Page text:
Format: DVD from DeKalb Public Library on laptop.
The women in my family, or at least my wife and older daughter, are in love with pugs. In their world, there is nothing so loveable and adorable as a pug. I’m not so enamored with the little dogs. They’ve got smashed faces and buggy eyes. If a pug was turned into a human being, it would look quite a bit like Peter Lorre.
Of course, this says nothing of the quality of Lorre’s acting, or in this case of Fritz Lang’s film, M. Lorre was perhaps the perfect person to play the role of Hans Beckert, a role that required the lead to have something of a disturbing look to him. The reason is that Beckert is a child murderer, and through implication throughout the film, a child molester.
Beckert hunts children, and his presence on the hunt is announced by his whistling a piece from Edvard Grieg’s “In the Hall of the Mountain King.” The people of this unnamed German city are naturally going berserk over the murders, causing riots every time anyone speaks to a child in public. The police are in overdrive, and have continually raided the known haunts of the city’s criminal elements.
This causes a huge amount of consternation in the criminal community, since all of the people in the city’s united criminal underworld are being pinched by the police. In an effort to restore their own criminal enterprises back on a paying basis, the criminals set up a network of beggars to keep an eye out for the child killer with the hopes of bringing him to justice themselves.
What’s worth noting here is Fritz Lang’s use of what now are common film techniques. In 1931, however, all film techniques were new ones. As the criminals meet to discuss their plans for finding and destroying the child killer, for instance, the police are meeting at the same time. Lang cuts between the two conversations in a montage, having one conversation pick up where the other leaves off, back and forth for several minutes.
Lang also uses sound in interesting ways. Beckert himself is introduced by his whistling long before he is ever seen on screen. There are sound-based jokes as well; a beggar covers his ears while listening to a badly-tuned organ grinder, and the music reappears only when he uncovers his ears. In fact, it is sound testimony given by a blind beggar that ultimately verifies the guilt of Beckert, a plot device that could not have happened in a movie half a dozen years before.
While all of these things are noteworthy, what is truly remarkable in M is the way that Hans Beckert is treated not by the police or the criminal element, but by the film itself. There is no question of the man’s guilt, and no question that he is committing one of the most terrible crimes any human being can possibly commit, and is doing so over and over. His capture is something that everyone should want, and yet his treatment by the film, while not sympathetic in any way, is at least understanding. Beckert, given the opportunity to defend himself, makes a fairly compelling argument. It is the case, he claims, that he is compelled to do what he does by something he cannot control while other criminals have chosen to break the law.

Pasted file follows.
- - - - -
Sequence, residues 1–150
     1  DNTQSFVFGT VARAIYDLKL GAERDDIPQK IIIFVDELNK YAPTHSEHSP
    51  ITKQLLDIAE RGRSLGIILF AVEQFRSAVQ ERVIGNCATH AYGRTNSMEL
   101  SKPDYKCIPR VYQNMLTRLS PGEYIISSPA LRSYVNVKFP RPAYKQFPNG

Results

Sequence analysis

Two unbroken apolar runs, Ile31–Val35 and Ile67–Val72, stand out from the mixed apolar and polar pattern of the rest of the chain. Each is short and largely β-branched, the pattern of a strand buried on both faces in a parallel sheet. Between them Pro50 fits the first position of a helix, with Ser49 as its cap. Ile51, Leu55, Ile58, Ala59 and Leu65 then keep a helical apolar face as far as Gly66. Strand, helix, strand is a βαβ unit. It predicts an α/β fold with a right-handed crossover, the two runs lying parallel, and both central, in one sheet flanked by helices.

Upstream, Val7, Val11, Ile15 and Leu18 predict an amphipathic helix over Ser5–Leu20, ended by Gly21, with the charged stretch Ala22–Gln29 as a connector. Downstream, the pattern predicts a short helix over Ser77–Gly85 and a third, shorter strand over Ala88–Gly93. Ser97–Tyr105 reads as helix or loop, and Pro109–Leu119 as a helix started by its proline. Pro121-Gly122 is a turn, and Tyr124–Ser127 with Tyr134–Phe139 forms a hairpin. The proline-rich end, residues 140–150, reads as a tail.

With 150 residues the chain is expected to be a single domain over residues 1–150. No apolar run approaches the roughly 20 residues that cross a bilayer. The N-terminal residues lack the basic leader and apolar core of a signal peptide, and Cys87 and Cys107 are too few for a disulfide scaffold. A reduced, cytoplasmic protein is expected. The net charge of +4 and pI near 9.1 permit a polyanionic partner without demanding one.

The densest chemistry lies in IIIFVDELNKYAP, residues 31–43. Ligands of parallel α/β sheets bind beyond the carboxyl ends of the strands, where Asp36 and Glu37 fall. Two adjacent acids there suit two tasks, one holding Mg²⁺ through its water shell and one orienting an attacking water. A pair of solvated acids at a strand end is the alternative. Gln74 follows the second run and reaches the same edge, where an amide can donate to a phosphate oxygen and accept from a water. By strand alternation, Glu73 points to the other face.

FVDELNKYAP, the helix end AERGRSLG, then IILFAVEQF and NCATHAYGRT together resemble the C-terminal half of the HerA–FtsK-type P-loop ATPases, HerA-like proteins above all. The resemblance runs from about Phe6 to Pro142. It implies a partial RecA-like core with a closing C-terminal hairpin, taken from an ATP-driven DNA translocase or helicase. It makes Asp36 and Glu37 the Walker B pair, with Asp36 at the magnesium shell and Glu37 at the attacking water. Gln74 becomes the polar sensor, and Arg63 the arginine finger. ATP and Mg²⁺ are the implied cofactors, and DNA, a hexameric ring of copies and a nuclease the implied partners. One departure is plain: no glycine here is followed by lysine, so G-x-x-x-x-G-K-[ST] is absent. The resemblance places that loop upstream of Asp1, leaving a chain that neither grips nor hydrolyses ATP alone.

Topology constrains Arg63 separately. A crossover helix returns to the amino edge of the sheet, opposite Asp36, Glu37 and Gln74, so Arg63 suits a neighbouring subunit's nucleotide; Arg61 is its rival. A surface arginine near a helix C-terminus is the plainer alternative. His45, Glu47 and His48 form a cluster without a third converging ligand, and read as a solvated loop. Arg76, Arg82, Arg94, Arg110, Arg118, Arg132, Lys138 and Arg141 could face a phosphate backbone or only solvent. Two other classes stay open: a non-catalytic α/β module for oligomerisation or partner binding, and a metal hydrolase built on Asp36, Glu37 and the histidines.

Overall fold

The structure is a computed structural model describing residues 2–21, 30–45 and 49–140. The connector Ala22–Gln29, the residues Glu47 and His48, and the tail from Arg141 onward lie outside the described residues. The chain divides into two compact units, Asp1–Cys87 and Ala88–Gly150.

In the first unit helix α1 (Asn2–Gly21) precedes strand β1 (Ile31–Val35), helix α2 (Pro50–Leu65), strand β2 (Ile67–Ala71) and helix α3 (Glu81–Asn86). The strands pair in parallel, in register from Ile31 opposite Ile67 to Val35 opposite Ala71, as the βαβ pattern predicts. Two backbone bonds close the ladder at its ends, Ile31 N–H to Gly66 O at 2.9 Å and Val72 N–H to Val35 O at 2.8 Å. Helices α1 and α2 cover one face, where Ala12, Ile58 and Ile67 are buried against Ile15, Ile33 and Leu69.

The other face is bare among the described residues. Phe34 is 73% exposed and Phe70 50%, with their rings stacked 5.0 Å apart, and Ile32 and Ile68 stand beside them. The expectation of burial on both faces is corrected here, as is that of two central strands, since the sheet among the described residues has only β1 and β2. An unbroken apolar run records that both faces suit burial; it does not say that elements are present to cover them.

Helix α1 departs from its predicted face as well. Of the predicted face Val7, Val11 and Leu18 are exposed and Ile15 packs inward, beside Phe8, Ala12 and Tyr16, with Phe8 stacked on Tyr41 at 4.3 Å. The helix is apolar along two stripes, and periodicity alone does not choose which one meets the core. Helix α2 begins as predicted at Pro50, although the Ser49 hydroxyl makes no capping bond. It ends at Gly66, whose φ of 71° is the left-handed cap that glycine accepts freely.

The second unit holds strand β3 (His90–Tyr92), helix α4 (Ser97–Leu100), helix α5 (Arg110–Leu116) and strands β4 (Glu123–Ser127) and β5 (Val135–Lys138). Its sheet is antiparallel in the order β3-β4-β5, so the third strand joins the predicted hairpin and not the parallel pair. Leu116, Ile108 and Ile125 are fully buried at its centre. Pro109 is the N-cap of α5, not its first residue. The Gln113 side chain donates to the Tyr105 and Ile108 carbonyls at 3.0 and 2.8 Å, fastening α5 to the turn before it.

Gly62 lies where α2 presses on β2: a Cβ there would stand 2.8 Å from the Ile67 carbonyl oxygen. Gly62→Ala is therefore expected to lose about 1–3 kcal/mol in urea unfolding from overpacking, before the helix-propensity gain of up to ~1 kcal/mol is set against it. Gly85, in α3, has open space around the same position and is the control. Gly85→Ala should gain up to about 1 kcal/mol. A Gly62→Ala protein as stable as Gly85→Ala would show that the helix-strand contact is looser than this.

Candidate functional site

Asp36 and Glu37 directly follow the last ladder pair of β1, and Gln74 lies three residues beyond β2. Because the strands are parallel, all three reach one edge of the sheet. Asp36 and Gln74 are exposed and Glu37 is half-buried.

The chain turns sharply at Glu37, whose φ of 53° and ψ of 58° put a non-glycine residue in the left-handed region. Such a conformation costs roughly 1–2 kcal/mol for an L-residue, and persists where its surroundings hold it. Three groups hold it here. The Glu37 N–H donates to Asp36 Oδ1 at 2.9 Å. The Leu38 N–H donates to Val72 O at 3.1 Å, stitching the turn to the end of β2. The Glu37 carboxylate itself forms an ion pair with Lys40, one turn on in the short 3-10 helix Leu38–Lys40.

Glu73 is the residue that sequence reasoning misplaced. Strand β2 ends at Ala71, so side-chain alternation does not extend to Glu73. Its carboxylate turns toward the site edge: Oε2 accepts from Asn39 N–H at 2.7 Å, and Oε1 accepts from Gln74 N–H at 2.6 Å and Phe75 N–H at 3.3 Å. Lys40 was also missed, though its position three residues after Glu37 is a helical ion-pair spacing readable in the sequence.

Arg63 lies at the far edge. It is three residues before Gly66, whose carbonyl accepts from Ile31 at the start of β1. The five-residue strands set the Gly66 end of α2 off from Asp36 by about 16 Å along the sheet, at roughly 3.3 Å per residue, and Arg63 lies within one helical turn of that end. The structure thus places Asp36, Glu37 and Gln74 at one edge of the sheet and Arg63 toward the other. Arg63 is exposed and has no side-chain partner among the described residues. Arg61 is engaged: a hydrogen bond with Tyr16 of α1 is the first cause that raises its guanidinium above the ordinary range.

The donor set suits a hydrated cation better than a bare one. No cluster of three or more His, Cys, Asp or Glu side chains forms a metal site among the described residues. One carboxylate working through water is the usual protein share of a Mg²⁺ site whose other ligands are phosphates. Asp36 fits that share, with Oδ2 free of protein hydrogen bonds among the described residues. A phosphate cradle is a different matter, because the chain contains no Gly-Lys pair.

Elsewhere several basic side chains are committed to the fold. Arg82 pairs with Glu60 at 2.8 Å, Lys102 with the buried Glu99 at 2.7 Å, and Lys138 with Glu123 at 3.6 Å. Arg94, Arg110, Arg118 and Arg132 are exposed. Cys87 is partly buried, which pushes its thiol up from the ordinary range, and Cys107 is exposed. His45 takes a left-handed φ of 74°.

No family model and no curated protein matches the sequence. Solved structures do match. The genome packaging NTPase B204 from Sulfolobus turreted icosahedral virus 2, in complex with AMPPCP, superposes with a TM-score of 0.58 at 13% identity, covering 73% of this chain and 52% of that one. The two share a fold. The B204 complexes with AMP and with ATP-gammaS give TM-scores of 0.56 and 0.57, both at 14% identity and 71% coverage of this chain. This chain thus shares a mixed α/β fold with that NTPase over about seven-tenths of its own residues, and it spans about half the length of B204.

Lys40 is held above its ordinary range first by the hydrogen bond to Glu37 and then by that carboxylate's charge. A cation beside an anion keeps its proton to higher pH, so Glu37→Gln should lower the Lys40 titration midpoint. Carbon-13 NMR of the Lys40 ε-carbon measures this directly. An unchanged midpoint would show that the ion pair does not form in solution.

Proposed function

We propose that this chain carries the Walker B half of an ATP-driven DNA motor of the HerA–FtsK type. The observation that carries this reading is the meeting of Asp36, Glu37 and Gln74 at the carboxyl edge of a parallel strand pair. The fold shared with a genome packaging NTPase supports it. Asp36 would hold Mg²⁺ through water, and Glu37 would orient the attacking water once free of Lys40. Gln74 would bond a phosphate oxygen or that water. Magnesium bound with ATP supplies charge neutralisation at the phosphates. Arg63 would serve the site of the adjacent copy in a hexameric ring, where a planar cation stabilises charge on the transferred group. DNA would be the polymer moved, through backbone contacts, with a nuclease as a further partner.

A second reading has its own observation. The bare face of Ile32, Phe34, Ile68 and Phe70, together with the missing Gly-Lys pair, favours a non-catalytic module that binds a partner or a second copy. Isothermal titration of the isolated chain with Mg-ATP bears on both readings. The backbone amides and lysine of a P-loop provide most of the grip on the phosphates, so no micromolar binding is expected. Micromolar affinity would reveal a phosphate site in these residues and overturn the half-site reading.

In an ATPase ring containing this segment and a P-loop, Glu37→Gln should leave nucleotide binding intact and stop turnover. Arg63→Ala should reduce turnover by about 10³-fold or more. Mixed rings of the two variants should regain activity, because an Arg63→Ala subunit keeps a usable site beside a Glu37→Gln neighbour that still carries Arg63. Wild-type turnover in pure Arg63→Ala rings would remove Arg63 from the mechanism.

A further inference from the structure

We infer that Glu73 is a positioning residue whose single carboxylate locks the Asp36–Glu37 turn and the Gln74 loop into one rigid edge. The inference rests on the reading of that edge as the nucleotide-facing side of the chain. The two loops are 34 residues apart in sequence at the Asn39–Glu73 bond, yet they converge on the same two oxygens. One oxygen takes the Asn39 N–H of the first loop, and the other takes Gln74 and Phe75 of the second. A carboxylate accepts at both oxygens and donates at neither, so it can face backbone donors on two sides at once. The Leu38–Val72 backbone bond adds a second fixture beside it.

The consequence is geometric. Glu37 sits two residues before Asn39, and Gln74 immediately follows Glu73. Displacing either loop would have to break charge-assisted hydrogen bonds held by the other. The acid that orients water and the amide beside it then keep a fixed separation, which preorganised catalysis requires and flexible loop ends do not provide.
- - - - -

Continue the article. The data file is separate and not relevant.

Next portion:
Until I had watched the film, I was unclear as to its name. The answer becomes obvious about mid-way through the movie. Identified by his whistling, a criminal arranges to place a mark on Beckert’s back, a chalk “M” identifying him to the underworld so he can be tailed. Roughly the same time this happens, the police also break the case, leading to a confrontation among Hans Beckert, the city’s criminal underworld, and the police.
M is a staggering film for a number of reasons, not the least of which is the daunting subject matter for a year like 1931. It is brilliantly made and acted, daring and impressive. In addition to this, there are elements of humor dropped into the film, a surprise in a film that deals with such an uncomfortable subject. On trial by the criminal element, Beckert’s defense attorney demands to know what right another criminal, a paid assassin, has to judge his “client.” Such touches are deft, and easily overlooked on a first pass.
The film unquestionably belongs to Lorre, who is both terrible and pitiable. He is a monster of the sort shown in another 1931 film, Frankenstein. There is no question that he must be destroyed. It is equally undeniable, though, that he is a product of something other than himself, that he was created by society, or upbringing, or something greater and more terrible than what he became. That such a creature could be viewed with anything approaching pity in the final reel is a testament to what Lang was able to accomplish.
Why to watch M: Few filmmakers today have the guts to make a film like M today; that Lang had the guts 80 years ago deserves some respect.
Why not to watch: The subject matter is too disturbing.